Grabbing something to eat at sports arenas and stadiums used to be a quick and, hopefully, not too messy affair. Fine dining was not part of the experience of watching a live baseball or hockey game. Times have changed, though. Sporting venues are becoming part of larger entertainment districts that offer attractions every day of the week.
In terms of commercial refrigeration in restaurants, hotels, and other foodservice operations, we often think of the summer months as being the prime time for energy savings. It makes sense because it requires more effort (a.k.a. energy) to keep things cold in the dead of summer, but that doesn't mean summer is the only opportunity for reducing energy consumption.
When it comes to food waste, there are many reasons why foodservice operations across North America look to reduce it. In fact, over the last few years, it's been one of the hottest initiatives in the industry.
This September, RDT held another successful FCSI Education Provider Program for foodservice consultants at our factory here in Waxahachie, Texas. The seminar, which brings in consultants from all over the country, is an opportunity for them to interact directly with our team and their peers over the course of two days.
Legacy Records is one of the latest endeavors from one of New York City's hottest restaurant groups. Delicious Hospitality is the team behind Charlie Bird and Pasqaule Jones, and now they're opening up their latest shop near the Javits Center.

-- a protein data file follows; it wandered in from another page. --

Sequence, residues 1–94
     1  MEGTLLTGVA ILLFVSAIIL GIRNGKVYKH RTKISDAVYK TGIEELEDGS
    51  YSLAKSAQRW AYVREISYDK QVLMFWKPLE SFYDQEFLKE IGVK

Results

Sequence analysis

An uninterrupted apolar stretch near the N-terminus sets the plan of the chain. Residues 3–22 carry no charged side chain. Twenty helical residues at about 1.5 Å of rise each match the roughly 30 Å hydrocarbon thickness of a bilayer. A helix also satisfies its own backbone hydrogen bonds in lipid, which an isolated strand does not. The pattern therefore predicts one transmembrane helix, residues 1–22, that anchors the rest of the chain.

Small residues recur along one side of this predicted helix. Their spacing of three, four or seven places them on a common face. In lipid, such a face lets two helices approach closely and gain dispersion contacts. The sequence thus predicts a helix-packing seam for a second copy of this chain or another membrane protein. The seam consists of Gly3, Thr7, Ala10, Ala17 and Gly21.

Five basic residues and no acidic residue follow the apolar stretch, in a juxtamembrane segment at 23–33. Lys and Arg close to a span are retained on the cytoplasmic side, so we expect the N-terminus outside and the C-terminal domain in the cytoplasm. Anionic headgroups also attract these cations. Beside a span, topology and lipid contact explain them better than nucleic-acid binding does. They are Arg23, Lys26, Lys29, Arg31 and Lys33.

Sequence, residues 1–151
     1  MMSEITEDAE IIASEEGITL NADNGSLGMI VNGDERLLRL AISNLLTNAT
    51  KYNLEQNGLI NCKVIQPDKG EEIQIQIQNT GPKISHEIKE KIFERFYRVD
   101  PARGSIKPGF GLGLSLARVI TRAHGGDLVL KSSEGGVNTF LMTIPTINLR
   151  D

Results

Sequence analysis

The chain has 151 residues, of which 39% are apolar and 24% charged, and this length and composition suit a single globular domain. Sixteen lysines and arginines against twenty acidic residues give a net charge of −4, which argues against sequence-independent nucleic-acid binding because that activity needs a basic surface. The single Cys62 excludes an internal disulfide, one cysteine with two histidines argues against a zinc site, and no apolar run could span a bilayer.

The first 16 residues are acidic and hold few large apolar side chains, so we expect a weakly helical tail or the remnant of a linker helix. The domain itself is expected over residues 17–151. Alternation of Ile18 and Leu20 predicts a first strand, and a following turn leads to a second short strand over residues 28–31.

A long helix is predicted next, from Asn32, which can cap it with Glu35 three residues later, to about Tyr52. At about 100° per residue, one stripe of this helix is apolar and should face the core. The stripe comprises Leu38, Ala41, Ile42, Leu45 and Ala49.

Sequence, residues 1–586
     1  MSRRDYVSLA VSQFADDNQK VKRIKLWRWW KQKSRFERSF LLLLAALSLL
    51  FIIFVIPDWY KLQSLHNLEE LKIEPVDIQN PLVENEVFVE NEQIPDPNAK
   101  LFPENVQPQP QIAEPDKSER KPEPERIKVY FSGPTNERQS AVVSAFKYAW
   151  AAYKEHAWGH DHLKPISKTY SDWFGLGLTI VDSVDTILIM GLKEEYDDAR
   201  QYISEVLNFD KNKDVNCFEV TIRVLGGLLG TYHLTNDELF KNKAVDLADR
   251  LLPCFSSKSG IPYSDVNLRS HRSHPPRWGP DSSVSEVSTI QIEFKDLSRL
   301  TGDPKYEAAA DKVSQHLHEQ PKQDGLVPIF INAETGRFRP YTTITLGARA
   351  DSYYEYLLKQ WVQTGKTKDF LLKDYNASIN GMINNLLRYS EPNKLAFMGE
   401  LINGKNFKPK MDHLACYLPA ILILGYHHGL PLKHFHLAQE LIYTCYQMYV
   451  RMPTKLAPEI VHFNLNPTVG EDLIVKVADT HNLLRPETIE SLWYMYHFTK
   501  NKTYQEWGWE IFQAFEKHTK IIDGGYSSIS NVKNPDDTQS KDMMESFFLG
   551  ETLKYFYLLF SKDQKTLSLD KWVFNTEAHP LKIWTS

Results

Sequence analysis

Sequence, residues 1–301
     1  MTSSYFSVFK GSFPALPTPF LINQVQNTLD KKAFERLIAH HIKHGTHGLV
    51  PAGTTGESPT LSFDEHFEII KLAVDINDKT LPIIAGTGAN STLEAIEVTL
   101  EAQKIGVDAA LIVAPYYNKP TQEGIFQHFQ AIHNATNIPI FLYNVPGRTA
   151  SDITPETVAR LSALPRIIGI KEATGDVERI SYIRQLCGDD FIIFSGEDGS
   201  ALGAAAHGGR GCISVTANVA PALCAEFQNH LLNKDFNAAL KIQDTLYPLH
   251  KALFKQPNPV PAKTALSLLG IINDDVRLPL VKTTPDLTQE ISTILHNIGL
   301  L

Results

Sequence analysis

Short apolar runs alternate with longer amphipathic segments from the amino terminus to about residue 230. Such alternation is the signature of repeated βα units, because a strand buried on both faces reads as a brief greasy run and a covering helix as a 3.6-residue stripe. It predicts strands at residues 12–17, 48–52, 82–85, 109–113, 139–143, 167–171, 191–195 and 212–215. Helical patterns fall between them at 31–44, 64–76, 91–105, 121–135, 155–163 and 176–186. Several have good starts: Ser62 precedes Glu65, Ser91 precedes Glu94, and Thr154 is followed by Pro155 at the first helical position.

Service calls can be scary for a variety of reasons. They can be expensive. They can disrupt your operation. They can be late. Even worse, they may not even be open depending on the time of your refrigeration outage.
It's a fact. Reducing utility costs will ultimately add to the bottom line of your foodservice operation. According to some industry leaders, gross profits increased last year, but at the same time, expenses -- including energy expenses -- increased almost five percent more than the level of gross profits.
As a result, saving on expenses is a great way to add to an operation's bottom line. Let's take a look at a few numbers.
Food waste is a major issue in restaurants and other commercial foodservice operations across the country. In fact, according to the non-profit ReFED, which specializes in food waste reduction, the United States wastes about 63 million tons of food each and every year.
Through organizations like the Commercial Food Equipment Service Association (CFESA) and other dedicated entities, general contractors and refrigeration installation companies will often come together to figure out ways to maximize the impact and profitability of their businesses. They take pride in what they do, and we should know, because that's the way we started here at RDT.
Automation is here to make our lives easier, and this is especially true when it comes to commercial refrigeration in the foodservice industry. Time spent maintaining equipment or performing service tasks is time spent away from the customer, and ultimately, the potential for profit.